Bio: My name is Anna and I’m a rising sophomore at Princeton from Italy. I am an Economics major studying the intersections between Economics, Finance and Public Policy. I am also interested in History, Computer Science, and Diplomacy. I would like to work within these areas in roles concerning research and/or consulting.

Q: When you found out about this remote internship at Arete Publica Associates, how did you feel? What were your expectations? 

A: I was supposed to intern at the Ifo Institut in Munich this summer, and I had been looking forward to this opportunity, as it would’ve helped me better understand my interest in research for the upcoming years in the Economics department at Princeton. Of course, I was really disappointed when it got postponed and it was a huge relief to hear about the internship with Peter.

Not only would I not have an “empty” summer, but also this internship would somehow serve the same purpose as the other one, albeit in a different way: it would help me get a better understanding of the Public Affairs consulting world. This internship was especially valuable because the realm of Public Affairs consulting is usually very hard to access for undergraduates as it consists of a bit of “unicorn jobs,” where there are few positions and many applicants.

Q: What was the most challenging part of your remote work experience? What was the most rewarding?

A: At first, it was hard to gauge expectations and have a good work flow. We struggled a bit to separate tasks and maximize efficiency and, at times, communication was not smooth. The most rewarding part of our work definitely came at the end of the internship. Finally, when I went through all three language versions of the website and all the links and widgets were working properly, I was so satisfied and proud of our work. I realized our efforts had paid off and how efficient and collaborative we had become as a team.

Q: What is your favorite memory from the internship this summer?

A: Of course, it was a very rewarding experience from an academic or professional standpoint, but my favorite memories all concern the human connections we have established. It is just so heartwarming to see how close we’ve all become after starting off as strangers!

Q: What will you take away from this experience?

A: Definitely the skill to form a highly performing team with people I have never met before who work from different time zones on unfamiliar topics! It also made me much more interested in the Public Affairs world beyond just public finance policies, which is what I was first only interested in.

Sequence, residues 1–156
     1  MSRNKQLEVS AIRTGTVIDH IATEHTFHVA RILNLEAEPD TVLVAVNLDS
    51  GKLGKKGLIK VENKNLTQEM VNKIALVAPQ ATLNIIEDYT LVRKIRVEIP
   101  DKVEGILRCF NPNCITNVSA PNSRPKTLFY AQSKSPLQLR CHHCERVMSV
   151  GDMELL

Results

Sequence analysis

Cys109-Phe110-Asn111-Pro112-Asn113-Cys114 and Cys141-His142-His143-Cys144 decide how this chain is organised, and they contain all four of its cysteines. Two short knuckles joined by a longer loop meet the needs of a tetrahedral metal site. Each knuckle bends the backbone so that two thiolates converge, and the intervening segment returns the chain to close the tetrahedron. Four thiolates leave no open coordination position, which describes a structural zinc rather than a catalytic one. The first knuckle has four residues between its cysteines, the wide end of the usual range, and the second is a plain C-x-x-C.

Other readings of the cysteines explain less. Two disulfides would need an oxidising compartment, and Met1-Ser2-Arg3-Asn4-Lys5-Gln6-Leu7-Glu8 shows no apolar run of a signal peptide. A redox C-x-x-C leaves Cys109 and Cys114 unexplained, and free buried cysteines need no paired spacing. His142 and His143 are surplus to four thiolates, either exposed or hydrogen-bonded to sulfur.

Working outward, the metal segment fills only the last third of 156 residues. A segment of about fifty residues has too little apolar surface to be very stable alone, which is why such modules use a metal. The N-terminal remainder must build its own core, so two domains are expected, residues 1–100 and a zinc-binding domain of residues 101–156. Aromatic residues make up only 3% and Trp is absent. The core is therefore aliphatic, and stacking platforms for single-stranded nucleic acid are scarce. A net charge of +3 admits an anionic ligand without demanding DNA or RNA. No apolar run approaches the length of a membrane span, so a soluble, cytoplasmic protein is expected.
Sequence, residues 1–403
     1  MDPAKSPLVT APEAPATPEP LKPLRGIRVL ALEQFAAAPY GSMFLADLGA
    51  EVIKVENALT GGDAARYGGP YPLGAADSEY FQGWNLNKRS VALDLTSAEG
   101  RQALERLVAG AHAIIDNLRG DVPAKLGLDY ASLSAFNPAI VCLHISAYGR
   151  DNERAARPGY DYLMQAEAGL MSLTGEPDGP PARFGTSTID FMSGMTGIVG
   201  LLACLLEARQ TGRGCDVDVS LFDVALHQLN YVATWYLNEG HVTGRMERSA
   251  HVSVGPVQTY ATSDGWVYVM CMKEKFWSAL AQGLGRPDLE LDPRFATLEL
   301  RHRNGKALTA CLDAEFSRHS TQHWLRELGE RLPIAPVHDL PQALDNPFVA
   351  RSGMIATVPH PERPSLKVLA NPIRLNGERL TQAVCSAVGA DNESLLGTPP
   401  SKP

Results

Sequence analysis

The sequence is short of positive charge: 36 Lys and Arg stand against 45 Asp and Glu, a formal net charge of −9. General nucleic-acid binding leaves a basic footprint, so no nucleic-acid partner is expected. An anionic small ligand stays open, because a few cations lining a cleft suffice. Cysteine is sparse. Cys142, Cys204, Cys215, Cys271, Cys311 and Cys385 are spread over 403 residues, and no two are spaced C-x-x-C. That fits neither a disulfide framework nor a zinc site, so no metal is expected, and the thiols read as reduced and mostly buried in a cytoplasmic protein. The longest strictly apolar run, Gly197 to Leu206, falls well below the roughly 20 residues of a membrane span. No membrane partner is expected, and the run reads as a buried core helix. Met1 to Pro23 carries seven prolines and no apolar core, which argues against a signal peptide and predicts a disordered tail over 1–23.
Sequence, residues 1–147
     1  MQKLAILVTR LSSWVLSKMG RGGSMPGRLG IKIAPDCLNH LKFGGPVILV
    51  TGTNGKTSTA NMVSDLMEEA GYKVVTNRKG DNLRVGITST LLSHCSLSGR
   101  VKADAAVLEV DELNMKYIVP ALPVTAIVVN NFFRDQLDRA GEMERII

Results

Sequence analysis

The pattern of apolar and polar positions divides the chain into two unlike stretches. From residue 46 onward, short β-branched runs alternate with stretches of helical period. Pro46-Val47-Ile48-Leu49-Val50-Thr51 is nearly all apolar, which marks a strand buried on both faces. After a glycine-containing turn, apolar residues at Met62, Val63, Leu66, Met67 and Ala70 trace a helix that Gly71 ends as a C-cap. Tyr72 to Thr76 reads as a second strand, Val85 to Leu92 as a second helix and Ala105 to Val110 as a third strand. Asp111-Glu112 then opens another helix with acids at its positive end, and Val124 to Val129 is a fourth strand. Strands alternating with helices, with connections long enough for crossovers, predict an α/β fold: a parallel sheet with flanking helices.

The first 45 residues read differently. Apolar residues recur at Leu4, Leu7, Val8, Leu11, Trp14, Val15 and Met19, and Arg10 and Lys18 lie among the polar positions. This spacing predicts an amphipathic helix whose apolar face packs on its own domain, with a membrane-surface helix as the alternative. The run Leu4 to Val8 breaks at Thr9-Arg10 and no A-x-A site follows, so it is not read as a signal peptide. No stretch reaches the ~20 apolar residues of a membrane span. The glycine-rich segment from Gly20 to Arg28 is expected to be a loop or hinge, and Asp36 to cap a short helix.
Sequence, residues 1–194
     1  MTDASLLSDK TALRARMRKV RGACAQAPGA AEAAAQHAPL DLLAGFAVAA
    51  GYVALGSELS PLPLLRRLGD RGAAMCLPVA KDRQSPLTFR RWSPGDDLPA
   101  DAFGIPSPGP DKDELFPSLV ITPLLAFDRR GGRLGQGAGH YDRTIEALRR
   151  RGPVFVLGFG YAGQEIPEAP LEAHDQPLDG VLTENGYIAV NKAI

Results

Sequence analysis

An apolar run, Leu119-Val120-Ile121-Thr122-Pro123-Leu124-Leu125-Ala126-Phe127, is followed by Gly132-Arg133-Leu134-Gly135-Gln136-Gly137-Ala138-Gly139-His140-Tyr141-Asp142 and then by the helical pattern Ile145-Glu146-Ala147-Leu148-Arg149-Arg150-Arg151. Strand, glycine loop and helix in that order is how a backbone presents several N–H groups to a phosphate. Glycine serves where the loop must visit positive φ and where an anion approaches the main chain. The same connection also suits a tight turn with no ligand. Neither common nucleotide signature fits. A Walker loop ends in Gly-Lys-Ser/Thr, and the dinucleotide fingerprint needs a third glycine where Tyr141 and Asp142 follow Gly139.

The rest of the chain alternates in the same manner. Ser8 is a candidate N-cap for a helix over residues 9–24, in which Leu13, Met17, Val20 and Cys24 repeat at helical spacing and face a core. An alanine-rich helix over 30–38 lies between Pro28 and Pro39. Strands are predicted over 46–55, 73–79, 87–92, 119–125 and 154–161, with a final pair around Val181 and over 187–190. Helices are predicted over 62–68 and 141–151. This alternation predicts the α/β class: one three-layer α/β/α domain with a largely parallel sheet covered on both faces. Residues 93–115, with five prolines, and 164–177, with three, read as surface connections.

Intern Perspective: Anika

Bio: My name is Anika and I’m a rising junior studying Art History in the Art & Archaeology Department at Princeton. I’m from San Francisco, California, and at Princeton, I’m the Publisher of The Nassau Weekly– Princeton’s arts & culture newspaper– and I’m interested in the intersections of journalism, nonprofit work, design, and editorial work.

Q: When you found out about this remote internship at Arete Publica Associates, how did you feel? What were your expectations?

A: First of all, I think I felt a sense of relief when I was contacted by the Princeton German Department on behalf of Peter. I was planning on working at Exberliner Magazine in Berlin this summer– an English arts & culture magazine for expats in Berlin– and I was definitely sad when this opportunity was cancelled because of COVID. Finding this new opportunity with Arete Publica Associates to do something productive and meaningful was huge for me, and so I was super grateful to be considered.

I wasn’t sure what to expect from this experience, especially since going in, I didn’t have much experience with the realm of Public Affairs. I was worried that I wouldn’t be able to be a Public Affairs consulting intern when my knowledge of Public Affairs was limited. I was a bit nervous about web design as well, since my web design experience was limited prior to starting. The nine-hour time difference from California to Germany and Italy also worried me a bit. I wasn’t sure how we would communicate or establish an effective workflow.

Q: What was the most challenging part of your remote work experience? What was the most rewarding?

A: I think that the most challenging part of this remote work experience was ultimately the issue of communication at first. We had to find ways to communicate effectively from afar, establish agendas for online meetings, and coordinate time differences. I think it took us a solid month to really get into the swing of things, where we were working symbiotically. It was also challenging at first to learn how to use WordPress, but for me, this was also one of the most rewarding parts of the experience! It’s so cool to look at the website we designed and to see how far it has come over the summer, and I’m super happy with the results. While there was a steep learning curve, once we figured out how to make the remote work thing function well, it took off on its own.